- Australian foreign minister says deal is to focus on tracking citizens who join ISIS
- But one lawmaker describes it as "dancing with the devil"
Australian Foreign Minister Julie Bishop said the deal is "an informal arrangement" with an emphasis on tracking Australians who go to Iraq to fight for ISIS.
But one Australian lawmaker reportedly described the move as "dancing with the devil."
Over the weekend, Bishop became the first Australian government minister to visit Iran in 12 years, meeting with President Hassan Rouhani. The intelligence-sharing deal was announced in an interview released Monday
that Bishop gave to the Australian Broadcasting Corporation while in Tehran.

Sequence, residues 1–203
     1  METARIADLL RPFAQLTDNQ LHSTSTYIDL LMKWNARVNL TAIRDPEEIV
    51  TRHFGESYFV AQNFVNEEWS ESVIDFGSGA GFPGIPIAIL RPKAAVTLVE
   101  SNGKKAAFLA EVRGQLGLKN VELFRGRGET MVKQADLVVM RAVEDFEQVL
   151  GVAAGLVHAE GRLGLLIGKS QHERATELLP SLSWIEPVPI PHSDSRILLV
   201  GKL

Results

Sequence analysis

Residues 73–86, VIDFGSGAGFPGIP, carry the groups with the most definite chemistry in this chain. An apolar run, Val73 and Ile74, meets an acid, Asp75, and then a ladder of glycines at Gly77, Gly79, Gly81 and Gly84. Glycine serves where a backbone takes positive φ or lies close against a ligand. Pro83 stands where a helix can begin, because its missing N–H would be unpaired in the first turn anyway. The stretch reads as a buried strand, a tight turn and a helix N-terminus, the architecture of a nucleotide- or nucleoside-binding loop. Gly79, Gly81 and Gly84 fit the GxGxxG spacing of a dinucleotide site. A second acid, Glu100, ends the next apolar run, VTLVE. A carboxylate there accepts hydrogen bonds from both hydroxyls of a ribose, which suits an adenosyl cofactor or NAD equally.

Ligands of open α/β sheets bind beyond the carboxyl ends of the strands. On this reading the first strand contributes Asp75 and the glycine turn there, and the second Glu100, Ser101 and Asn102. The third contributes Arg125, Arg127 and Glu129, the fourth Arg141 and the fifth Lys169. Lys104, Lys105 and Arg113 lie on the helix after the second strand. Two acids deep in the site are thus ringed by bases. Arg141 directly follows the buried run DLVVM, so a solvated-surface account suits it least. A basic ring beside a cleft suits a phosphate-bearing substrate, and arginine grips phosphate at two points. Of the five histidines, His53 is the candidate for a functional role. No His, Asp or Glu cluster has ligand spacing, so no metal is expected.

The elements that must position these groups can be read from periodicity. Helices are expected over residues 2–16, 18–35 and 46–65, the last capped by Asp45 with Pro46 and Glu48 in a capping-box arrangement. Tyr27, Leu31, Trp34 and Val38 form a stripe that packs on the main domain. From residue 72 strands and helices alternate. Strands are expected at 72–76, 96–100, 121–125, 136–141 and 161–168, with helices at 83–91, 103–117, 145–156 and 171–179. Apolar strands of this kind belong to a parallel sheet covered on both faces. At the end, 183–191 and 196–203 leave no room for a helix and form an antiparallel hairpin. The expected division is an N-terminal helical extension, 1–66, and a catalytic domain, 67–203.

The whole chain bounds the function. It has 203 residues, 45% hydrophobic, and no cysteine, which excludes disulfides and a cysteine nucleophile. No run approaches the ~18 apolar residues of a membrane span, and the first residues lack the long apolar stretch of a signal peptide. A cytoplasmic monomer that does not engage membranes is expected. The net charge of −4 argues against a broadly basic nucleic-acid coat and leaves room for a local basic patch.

"During my discussions with the national leadership here, it was agreed that we could share intelligence, particularly on the foreign terrorist fighters from Australia who are taking part in this conflict in Iraq," she said. The Iranians "were very agreeable to share that information with us," she added.
Iran 'in places that we are not'
Like many Western nations, Australia is grappling with the problem of citizens who are choosing to travel to Iraq and Syria to join ISIS, which calls itself the Islamic State.
Australia is part of the U.S.-led coalition that's carrying out airstrikes against ISIS.